A Chromebook has the power of Chrome and Google’s search engine built-in. Google often finds too much stuff. Creating custom search engines enhance the experience by creating killer shortcuts. With Chromebooks, you don’t have apps, so your whole experience is web-based.
How to Find Your Existing Default Search Engine
Depending on your browsing habits, Google probably put a ton of search engines in your browser. To find these, click on the hamburger icon in the upper-right hand corner and go to Settings and then look for Search in the middle of the window. Then click Manage Search Engines. You can also type chrome://settings/searchEngines in the Omnibox.
Your Chromebook will use Google as the default search engine. This laptop is a Google device after all. You aren’t stuck; you can change the search engine to Yahoo!, Ask or even Bing. To change your default search engine, hover over the engine and Make Default will show up.
When you type a search term in the Omnibox, the results will show up as Bing results.
Whichever search engine you pick as your default, you can search it and others through a shortcut on the Omnibox.
Shortcuts to Search Engines in Google Chrome
Even if you leave your search engine as Google, you might want to search Bing. Sure you could type bing.com in the Omnibox and then put your search term in. That is a two-step process you can reduce to two letters.
From that same Search engines settings, click on one of the search engines. In the middle column, change what is there to whatever shortcut you want. I set it in this example to bi but I could have put in something shorter like b or the word bing.
After you create the shortcut, type it in the Omnibox and then press the tab. Whatever you type next will be sent to Bing as a search. If you look in that default search box, you’ll see most engines you can type part of the name and search in one step. At least you don’t have to go to the website and then search. The search engines let you do it all in one step
Clean Up What’s in Your Search Engines
Your history might not give you away if you clear it, but your Other Search engines might reveal stuff you don’t want to share. Click on the search engines you don’t want and then click the x next to it. That will remove the search engines you don’t want.
If some of those search engines are handy, go into that middle column and create a few shortcuts. I keep a list of my key shortcuts in a Google keep document so it is always handy.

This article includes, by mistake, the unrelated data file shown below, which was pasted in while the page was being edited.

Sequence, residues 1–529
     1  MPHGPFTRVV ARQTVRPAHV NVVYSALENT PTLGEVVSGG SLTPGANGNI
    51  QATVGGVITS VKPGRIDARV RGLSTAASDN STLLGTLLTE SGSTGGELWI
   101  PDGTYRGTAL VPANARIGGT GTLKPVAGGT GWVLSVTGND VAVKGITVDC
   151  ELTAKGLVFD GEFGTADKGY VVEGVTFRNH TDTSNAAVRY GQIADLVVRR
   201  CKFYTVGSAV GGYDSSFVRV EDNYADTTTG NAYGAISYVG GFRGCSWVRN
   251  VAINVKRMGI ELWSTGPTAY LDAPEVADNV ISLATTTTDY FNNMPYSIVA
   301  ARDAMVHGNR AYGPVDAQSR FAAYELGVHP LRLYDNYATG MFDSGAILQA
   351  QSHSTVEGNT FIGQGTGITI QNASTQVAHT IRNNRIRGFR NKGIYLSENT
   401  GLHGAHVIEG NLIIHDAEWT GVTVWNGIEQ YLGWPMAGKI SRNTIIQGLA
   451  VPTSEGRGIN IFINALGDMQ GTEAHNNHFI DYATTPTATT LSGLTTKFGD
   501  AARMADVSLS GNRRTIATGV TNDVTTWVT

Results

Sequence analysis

Creating a Personal Google Search
Websites often have built-in search functions, but they may not be as good as Google’s. To search a site with Google, all you need to do is put site: in front of your search term. So if I want to search Guiding Tech for all my articles, I could put in
Site:guidingtech.com Dave Greenbaum
That query uses Google to search Guiding Tech for my name. That’s extra work though. Since I search that site often, I can convert this search into a custom search engine. Scroll down to the bottom of the Other Search Engines until you find a blank box.
In the first column, put in a descriptive name for your search engine. This label makes it easy for you to find. It doesn’t change the search term or query. In the second column, put your shortcut in. For Guiding Tech, I use GT. Then in that last column, I put the actual query.
That tells Google to search the site guidingtech.com. Now I just type GT in the Omnibox to search all of Guiding Tech from Google.
Fun Search Engines for Chromebook Users
Since Chromebooks use the browser for most things, some quick shortcuts save you steps. In each of these custom search engines, just put a descriptive name in the first column, a shortcut in the second, and in the third the suggested query
- Google Drive:
- Directions from your home (if you told Google):
- Update Twitter: (use your status instead of search term):
- Sent an email:
mailto:?to%s (use the email address to send to instead of the search term)
- Search Evernote:
- Create Calendar event:
Don’t limit yourself to the ideas here. Check the URLs when you’re on a site to create some shortcuts. You’ll notice %S is the value that is passed to the URL when you use a shortcut.